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Breeze shut down means slow, slow finish into Roscoff. Many hopes of overall victory seem dashed.


Painful finish, disappointed Tom Dolan



A brutal shut down in the already light breeze off Roscoff last night proved extremely painful for 29 of the 32 solo skippers at the conclusion of the 570 miles Stage 2 of La Solitaire du Figaro Paprec, creating huge gaps in the General Classification. The top three finishers, led by the stage victor, the youngest skipper in the race, Basile Bourgonon (EDENRED), slid across the line from 1700hrs local time on Thursday night. Then, through a long, frustrating night with next-to-no wind, some of the chasing pack took 16 to 18 hours to make the final six to ten miles into Roscoff.

The top three finishers last night now hold the top three spots on the General Classification. Bourgnon, 21, whose father Laurent won as a rookie in 1988, holds a lead of 8 minutes and 55 seconds going into Sunday’s final stage across the Bay of Biscay and back. Second is Corentin Horeau (Banque Populaire) and third Lois Berrehar (Skipper MACIF 2022). Winner of the Transat Paprec mixed doubles race across the Atlantic with Charlotte Yven, Berrehar now has 2 hours and 20 minutes in hand over the fourth placed skipper Alexis Thomas (La Charente Maritime).

Timings and positioning at the key stop-starts played against Tom Dolan, the Irish skipper who won Stage 1 into Kinsale. He was one of the many who took more than 12 hours to make the final four miles to the finish. After starting the leg with a lead of six minutes, Dolan crossed in 20th at 09:27hrs this morning and drops to 19th 15 hours and 13 mins behind Bourgnon.


Tom Dolan, IRL, (Smurfit Kappa-Kingspan) “I am hungry and tired. It is not like I sailed badly and made stupid mistakes I just got a bit screwed I'm tired. I am feeling tired, like everyone else I think. But I handle it all kind of OK. I actually sailed quite well in the end. It is different to arrive having made stupid mistakes. Something happened that I didn't understand. I imagine the others went inside the TSS. When we passed, there was five knots of current against us the way they went and no wind. It was impassable. It happens. It's just a shame that this is a double blow because we took 18 hours to get to the line when it is all but in sight Not only did we lose the lead in the race but we also lost the Solitaire by having two changes of tide at different points. Roscoff often has these dangerous finishes. It couldn't be more dangerous than this I don’t think. What annoys me is when I do stupid things and navigate poorly but I did not. We arrived at the TSS too early. We just drifted offshore and those behind went with the current. That is rare. Losing 3-4 miles is conceivable, but 16 or 18 hours is crazy! The night was long. I just wanted to arrive. I was trying to move the boat forward to cross the line. I had a little bit of a mad breakdown yesterday at the end of the day. I hit the boom, I said bad words in English and I can't repeat them. But that’s okay, I didn’t blow up too much.”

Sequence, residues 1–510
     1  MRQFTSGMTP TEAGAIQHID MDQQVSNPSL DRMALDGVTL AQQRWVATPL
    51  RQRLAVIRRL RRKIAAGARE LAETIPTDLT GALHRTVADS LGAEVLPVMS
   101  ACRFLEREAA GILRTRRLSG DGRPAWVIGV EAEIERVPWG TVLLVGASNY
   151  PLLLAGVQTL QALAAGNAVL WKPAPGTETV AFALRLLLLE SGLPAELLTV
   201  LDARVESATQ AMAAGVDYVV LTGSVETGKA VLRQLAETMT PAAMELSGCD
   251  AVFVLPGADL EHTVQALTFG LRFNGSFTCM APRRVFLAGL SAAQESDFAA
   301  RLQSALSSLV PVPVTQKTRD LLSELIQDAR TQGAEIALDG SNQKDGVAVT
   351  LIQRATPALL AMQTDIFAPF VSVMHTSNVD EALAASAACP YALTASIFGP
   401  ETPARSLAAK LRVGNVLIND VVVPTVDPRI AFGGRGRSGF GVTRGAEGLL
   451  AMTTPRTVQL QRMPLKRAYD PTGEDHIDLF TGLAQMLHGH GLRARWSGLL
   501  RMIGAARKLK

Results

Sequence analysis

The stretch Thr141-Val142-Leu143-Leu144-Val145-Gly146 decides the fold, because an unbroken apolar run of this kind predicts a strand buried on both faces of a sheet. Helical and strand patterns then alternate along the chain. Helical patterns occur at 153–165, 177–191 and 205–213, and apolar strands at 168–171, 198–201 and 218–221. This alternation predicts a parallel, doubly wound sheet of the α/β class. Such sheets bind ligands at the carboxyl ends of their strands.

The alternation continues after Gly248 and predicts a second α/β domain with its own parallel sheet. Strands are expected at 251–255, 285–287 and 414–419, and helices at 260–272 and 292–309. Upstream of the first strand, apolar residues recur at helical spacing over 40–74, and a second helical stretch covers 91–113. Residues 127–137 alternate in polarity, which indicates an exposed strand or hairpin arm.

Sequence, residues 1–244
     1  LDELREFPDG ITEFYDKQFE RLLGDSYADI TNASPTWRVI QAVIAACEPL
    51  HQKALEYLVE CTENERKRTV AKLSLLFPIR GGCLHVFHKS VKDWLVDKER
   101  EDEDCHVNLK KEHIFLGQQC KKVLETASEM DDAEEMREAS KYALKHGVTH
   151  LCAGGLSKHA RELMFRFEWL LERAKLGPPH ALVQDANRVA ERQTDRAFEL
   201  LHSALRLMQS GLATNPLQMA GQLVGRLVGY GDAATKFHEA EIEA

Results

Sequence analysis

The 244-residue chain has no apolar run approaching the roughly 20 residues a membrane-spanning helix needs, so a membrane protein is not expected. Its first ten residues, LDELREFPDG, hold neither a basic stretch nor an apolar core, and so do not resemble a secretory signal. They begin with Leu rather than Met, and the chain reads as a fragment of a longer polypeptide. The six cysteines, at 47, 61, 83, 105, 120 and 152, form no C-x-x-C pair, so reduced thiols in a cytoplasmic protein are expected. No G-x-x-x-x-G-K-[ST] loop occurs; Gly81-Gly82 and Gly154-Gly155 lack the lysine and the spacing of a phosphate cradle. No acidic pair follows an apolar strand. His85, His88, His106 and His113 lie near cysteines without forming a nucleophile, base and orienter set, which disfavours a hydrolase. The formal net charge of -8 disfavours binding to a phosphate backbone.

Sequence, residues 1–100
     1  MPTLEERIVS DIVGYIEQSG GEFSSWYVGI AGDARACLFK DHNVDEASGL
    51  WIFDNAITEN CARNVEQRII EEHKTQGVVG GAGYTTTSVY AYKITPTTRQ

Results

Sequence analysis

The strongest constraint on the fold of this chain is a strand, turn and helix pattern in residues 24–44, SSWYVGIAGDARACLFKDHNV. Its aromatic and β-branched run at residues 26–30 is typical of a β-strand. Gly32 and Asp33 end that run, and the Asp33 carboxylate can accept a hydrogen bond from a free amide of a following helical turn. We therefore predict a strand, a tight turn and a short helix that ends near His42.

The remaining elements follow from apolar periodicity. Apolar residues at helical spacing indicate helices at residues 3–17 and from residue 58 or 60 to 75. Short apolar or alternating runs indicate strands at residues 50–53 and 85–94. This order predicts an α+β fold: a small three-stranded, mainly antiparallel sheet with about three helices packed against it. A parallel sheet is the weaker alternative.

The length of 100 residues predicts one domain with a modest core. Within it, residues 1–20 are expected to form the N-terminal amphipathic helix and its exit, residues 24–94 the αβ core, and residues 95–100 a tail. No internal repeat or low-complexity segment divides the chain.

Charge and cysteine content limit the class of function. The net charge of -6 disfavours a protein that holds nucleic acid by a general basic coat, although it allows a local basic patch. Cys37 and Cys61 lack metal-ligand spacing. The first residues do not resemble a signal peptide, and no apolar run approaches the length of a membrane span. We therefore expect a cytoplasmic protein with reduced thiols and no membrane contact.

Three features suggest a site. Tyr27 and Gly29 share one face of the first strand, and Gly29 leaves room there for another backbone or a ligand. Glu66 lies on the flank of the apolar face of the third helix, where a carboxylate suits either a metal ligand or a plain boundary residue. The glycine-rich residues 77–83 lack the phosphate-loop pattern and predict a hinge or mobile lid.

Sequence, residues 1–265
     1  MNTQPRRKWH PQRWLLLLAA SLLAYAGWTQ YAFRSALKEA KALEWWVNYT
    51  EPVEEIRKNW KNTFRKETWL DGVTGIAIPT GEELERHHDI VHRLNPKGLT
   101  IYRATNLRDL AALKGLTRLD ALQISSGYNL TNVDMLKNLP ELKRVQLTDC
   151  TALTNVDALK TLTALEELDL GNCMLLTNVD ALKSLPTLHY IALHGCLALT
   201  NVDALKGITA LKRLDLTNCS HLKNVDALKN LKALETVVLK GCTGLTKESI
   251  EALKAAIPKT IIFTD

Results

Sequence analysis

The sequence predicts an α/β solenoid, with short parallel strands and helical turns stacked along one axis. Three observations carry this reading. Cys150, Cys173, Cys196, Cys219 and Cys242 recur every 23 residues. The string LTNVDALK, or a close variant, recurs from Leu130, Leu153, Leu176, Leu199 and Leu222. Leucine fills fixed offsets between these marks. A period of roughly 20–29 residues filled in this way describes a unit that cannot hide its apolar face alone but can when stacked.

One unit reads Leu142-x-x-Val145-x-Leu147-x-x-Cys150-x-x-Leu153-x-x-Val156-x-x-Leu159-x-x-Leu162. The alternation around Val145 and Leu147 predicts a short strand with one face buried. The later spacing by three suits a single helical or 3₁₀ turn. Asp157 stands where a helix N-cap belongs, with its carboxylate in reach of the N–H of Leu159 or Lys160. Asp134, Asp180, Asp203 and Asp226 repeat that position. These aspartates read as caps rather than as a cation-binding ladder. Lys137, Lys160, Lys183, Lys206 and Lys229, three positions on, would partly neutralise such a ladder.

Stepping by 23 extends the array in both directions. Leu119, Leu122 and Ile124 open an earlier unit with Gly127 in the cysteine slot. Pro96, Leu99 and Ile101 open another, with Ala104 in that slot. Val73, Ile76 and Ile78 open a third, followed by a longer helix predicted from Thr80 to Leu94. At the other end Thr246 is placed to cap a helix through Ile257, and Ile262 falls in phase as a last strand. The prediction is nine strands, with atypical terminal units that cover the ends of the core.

David Paul, GBR, (Sailingpoint.co/Just a Drop), 26th across the line: “It was a night I will never forget. It was as hard a leg as I’ve ever done. But I learned a lot. It was so interesting to be alongside guys like Alexis Loison and Guillaume Pirouelle and see their ability to just keep their boats going even it is just 0.3 of a knot faster. They keep going. That was interesting to see how they approach the transitions. It was super cool to be alongside people like that and learn. Until the last ten miles I was really pleased with how I had been sailing and even through the last ten miles. I think it was so hard when guys have finished and all the time you are out there knowing how much time you are losing. But I thought I sailed well. It was so, so hard to manage sleep last night. It is the first time ever I have had vivid, weird hallucinations. I was sure I was eating cheese with friends. I went a little crazy. It was weird. But that is my best race I have sailed solo. I hit a UFO on the first night and the boat stopped and I hurt my ankle, I went flying. The first 24 hours were sore but the race doctor was really good at helping me bandage my ankle up and with medicine I was good after 24 hours but I am getting it checked.”

Ben Beasley NZL (Ocean Attitude) 29th: “It was very challenging with a lot of transitions. But I am happy to finish. I am a bit disappointed because I accidentally slept through my alarm and went through into a TSS, so I got a penalty. But otherwise I am happy. It is the longest leg I have done solo. And it was very hard mentally and physically. And in the last ten hours the kite was up and down at least six times. But I am proud to finish and glad to be here.

But the most upset of the international skippers was Germany's Susann Beucke (This Race is Female) who missed the finish line closing at 1403hrs by a only a few minutes. Clearly distressed to have worked so hard and missed the finish by a tiny margin she said,

“I am devastated after this stage. It was one of the most frustrating races of my entire career. Right away, I hate sailing. We had 24 hours of fog, with no wind. I have never seen so little wind for such a long period of time. I arrived just a few minutes after the finish line closed. I thought about a lot of things out there on the water. I still had hope, I cried, I was happy and I was sad. Now I really am in tears. I didn't get much sleep last night because there were some big ships around that I had to avoid. I had to warn them that I was there on the AIS.”

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